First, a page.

Anthony Burgess, author of Clockwork Orange, resident in 1973 in Rome, was overdue in supplying “a thinkpiece” commissioned by Rolling Stone, and wrote his editor (Hunter S. Thompson) offering to submit a 50,000-word novella he’d just finished on the condition humaine instead. Thompson replied thusly:
In 2008, James Poulos (who takes the aesthetic Bohemian approach to American political life) bought into Barack Obama’s BS. He knows better now and can be found wistfully imagining the fun if Dr. Thompson was still around to observe and comment on the hideous smoking-and-burning wreck that the current administration has made of both the American economy and democratic government. Picture Hunter Thompson, stoned on several different potent substances, writing up an essay, which Rolling Stone could not bring itself to decline, on Michelle Obama’s covert 50th Birthday Party, conducted in the manner of Elagabulus, but obligingly neglected by the lapdogs of the MSM.
Hunter Thompson is fun and easy to abuse for oneâ€™s own political purposes, but we are woefully all the poorer for having lost him in 2005, before he had a chance to discover that the power dynamic he railed against at the peak of his powers was still with us, smarter and dumber than ever. …
[T]here are now so few Democrats with even a wistful, nostalgic connection to the days when Freak Power thrived on the left. On a bad day, the landscape resembles a shameful two-species ecosystem: old corporatist behemoths casting long shadows over flea-bitten packs of communists so young and frustrated that theyâ€™re always on the verge of bursting into tears. …
We were on the back half of the Bush years. Something new, possibly even wonderful, would soon be in sight. Sure enough, the impossible happenedâ€”Hillary Clinton was beat, fair and square, by someone so sonorous about the possibilities of choice and resilience that he received the Kennedy stamp of approval, and then Americaâ€™s.
Innocent times. Now, that special someone has left the crown of hope in the gutter, overwhelmed and infected by the propaganda of neediness and choicelessness that fuels the rule of fear over so much of our daily life. Progress has somehow gone from an inspiring option to an individual mandateâ€”a grim necessity we are obliged to grind out. …
This was the touchstone of Obama â€™08. Now it goes all but untouched. There was a dazzling gonzo streak to Obamaâ€™s insurgent campaignâ€”a sense not of historical inevitability but of people, real people, going off on an incredible tangent, so crazy it just might work. The mood of the moment was nearly the opposite of todayâ€™s Obama, with his nationalistic claptrap about how â€œAmerica doesnâ€™t stand still.â€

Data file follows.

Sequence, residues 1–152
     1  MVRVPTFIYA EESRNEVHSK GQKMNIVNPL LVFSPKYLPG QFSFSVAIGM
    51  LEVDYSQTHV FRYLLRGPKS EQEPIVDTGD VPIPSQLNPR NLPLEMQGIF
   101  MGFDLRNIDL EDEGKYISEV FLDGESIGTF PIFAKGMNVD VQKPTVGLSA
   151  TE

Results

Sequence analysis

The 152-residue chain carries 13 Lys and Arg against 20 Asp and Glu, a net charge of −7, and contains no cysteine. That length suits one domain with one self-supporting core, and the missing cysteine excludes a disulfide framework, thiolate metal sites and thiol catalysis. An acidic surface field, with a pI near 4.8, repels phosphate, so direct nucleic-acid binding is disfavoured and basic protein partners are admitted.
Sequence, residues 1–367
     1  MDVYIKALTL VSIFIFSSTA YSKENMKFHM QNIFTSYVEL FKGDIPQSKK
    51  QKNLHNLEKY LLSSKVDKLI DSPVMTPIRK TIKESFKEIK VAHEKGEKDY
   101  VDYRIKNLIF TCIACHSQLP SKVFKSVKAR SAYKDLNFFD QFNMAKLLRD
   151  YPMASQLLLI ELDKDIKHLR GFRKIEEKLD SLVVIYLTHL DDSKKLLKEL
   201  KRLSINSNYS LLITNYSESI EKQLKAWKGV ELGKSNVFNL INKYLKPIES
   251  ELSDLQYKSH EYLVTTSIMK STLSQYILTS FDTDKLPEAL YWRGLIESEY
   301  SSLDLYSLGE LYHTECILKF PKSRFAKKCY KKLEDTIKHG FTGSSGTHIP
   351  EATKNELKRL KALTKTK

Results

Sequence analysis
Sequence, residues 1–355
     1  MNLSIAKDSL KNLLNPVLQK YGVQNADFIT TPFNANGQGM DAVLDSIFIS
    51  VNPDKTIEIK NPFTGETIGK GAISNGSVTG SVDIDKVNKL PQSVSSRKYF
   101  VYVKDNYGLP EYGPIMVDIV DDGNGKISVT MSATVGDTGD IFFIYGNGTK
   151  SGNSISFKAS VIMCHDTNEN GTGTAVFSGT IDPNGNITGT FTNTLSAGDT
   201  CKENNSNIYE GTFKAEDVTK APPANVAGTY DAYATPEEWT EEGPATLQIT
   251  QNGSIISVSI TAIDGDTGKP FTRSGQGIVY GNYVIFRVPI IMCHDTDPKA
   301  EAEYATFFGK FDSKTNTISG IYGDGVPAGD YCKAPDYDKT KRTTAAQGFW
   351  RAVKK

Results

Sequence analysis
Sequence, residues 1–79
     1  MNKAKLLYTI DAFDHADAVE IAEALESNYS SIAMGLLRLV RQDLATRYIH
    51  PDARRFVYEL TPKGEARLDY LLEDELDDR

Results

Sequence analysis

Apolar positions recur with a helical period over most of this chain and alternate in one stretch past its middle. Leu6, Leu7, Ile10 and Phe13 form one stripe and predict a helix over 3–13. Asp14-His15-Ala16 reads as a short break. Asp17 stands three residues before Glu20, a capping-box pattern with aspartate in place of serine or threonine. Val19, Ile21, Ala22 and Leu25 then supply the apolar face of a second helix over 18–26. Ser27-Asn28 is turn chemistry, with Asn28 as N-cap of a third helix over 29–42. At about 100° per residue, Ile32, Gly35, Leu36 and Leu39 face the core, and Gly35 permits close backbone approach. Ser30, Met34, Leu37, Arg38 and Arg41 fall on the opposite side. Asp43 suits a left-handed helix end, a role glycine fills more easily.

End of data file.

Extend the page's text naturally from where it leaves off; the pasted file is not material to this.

No, Mr. President, we donâ€™t. We shift with unease from one foot to the other. We fretfully pace the floor. America is becoming a waiting room.
Weâ€™re waiting for more shoes to drop. The nagging, nervous energy that dominates our personal and political lives belies the harsh lesson of executive action: the more constant the crisis, the more impotent it is apt to grow.
Two hundred years ago, the French liberal Benjamin Constant saw the same pathology in Napoleon Bonaparteâ€™s waning days of despotism. Trapped in the cycle of permanent emergency and perpetual action, he wrote, â€œservitude has no rest, agitation no pleasure.â€
Patrick Non-White imagines the late Hunter S. Thompson’s reaction to that notorious bed-wetter David Brooks’ recent screed opposing the legalization of pot and arguing that government ought to “subtly tip the scale to favor temperate, prudent, self-governing citizenship” by sending out Gestapo teams armed with automatic weapons to break down doors and to nudge Americans in the direction of being better persons by throwing them into prison.
The silver 2001 BMW 535i roared through Adams Morgan, occasionally screeching over the sidewalks as my accountant wrenched both hands from the wheel for another toke at the weed-pipe. “Gadzooks, man!” I shouted. “Can you keep it together for another fifteen miles, or at least outside the District limits?” We were halfway through our 35 mile journey from Bethesda to Falls Church, with enough dangerous narcotics to stun a grizzly bear in the trunk: We’d started with nine ounces of weed, six rocks of crack, a sugar jar full of blow, 36 vicodin tablets, a cage filled with live Bolivian arrow toads, and two jars of ketamine. Plus two quarts of Beefeater gin, a case of Schlitz malt liquor, and a four ounce ball of Afghan hash: Surely enough to get this pair of degenerate drug addicts to Fall’s Church. After that what man could say?
It was Edmund Burke, the English statesman and philosopher of the Good Life, who asked, “What is liberty without wisdom and without virtue?” In the Burkean ethos, freedom unconstrained by wisdom “is the greatest of all possible evils; for it is folly, vice, and madness, without tuition or restraint.” I reflected that Burke’s wisdom had never been constrained by a head full of mescaline, or a heart thumping on two tabs of amyl nitrate, so perhaps there were things the grand old man of the eighteenth century British polity did not know.
Read the whole thing and raise a central finger in the general direction of David Brooks.
Hat tip to Tom Maguire.